Fair Fight’s attorneys said that if the court rules against True the Vote, then it could deter similar mass challenges of voter eligibility in Georgia and other states.
True the Vote argues that they were exercising their First Amendment rights to freedom of speech and association and not intimidating voters. The defendants’ trial brief also argues that “it’s reasonable” for someone to confirm that a person hasn’t permanently moved to a different address since the person notifies the USPS and election officials when they move.
The U.S. Department of Justice joined the case, asserting that the voter intimidation section of the 1965 Voting Rights Act does not violate the First Amendment in this instance.
The trial is estimated to take 10 days.
Mass challenges against voters’ eligibility have been filed in Georgia beyond True the Vote's case.
There is an ongoing case regarding the Fulton County GOP, which is suing the county Board of Commissioners for rejecting its nominee to an elections board, alleging that he was not appointed for having previously raised concerns about voter rolls.
The GOP nominee to Fulton's Board of Registration and Elections (BRE), Jason Frazier, was rejected in June by the county Board of Commissioners despite meeting all the qualifications to sit on the elections board, the party argues. The commissioners voted 5-2 to not appoint Frazier, one of the two nominees that the county GOP chose for the BRE. The other GOP nominee was appointed to the board.
The county Republican Party alleges in its lawsuit that the Board of Commissioners is violating county law by not appointing the party’s nominee.
Fulton County didn’t immediately respond to a request for comment on Thursday. However, the Fulton County elections department previously told Just the News that it “follow[s] all current laws and rules which are many. We have laws governing how we process address changes, returned mail, moved out of state, moved out of county, non-participants, etc. The only changes, if any, would be to follow new legislation.”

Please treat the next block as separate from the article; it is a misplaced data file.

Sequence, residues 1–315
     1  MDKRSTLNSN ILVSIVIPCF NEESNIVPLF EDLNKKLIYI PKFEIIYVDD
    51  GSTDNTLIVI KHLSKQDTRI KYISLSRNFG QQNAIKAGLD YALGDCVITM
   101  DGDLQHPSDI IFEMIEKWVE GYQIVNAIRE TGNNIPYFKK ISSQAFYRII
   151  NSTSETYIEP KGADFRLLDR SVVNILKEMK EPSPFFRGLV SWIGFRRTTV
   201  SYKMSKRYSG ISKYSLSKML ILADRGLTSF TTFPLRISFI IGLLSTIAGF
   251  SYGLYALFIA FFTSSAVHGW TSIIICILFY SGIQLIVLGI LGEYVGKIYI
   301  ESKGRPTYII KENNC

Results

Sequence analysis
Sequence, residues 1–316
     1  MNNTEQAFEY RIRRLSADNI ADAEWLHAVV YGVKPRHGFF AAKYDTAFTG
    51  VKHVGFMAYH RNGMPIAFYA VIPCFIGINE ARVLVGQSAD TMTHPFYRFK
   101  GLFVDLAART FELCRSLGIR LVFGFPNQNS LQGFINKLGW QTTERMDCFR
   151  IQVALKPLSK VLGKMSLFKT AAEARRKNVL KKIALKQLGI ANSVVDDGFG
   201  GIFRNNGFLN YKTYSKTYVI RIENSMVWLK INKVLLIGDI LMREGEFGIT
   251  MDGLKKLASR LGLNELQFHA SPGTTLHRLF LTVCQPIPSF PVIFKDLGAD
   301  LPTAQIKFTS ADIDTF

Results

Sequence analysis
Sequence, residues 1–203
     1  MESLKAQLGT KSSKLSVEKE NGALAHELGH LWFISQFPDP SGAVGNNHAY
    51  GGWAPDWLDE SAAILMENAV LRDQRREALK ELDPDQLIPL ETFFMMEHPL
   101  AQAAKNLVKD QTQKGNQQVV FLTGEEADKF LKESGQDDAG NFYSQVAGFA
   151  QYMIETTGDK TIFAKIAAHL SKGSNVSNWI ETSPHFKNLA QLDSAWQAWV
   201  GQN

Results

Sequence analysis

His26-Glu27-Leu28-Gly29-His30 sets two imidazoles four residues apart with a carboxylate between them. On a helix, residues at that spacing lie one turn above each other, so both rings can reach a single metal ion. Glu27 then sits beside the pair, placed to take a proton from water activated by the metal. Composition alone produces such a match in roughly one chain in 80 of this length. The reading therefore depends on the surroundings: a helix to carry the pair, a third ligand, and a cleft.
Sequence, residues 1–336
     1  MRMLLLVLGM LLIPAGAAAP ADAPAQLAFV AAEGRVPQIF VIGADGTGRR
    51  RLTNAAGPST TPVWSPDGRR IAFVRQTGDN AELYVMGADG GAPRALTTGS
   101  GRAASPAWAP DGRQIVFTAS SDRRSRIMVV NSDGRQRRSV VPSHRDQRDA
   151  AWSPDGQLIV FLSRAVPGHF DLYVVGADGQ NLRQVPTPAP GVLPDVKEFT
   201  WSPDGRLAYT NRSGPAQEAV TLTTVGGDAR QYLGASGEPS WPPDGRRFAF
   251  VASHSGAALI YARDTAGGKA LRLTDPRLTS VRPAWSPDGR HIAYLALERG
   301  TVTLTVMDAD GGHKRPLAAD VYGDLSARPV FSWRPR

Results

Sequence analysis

Frazier told Just the News in August that he found about 20,000 duplicate registrations in Fulton County’s voter rolls and believed that “a bulk” of them have been fixed. He also submitted about 10,000 challenges and said that there are around 1,600 voter registrations in “challenge” status.
Following the Board of Commissioners' rejection of the Frazier nomination to the elections board, Fair Fight commended the decision.
The organization said that the rejection of “the nomination of far-right conspiracy theorist and mass voter challenger Jason Frazier signals that the Fulton Board of Commissioners are committed to defending the integrity of Fulton elections in the face of the GOP’s escalating attacks on democracy at the local, state, and national level.”
The Facts Inside Our Reporter's Notebook
- Fair Fight is a voting rights PAC
- The Washington Post reported
- first filed the lawsuit
- the lawsuit states
- described by mainstream media outfits
- a prominent right-wing group that promotes debunked voter fraud conspiracies
- plaintiffs also argued
- refers to a case in Montana
- Fair Fightâs attorneys
- True the Vote argues
- trial brief
- The U.S. Department of Justice joined the case
- estimated to take 10 days
- rejecting its nominee
- the party argues
- Republican Party alleges in its lawsuit
- previously told Just the News
- Frazier told Just the News
- Fair Fight commended the decision.
- organization said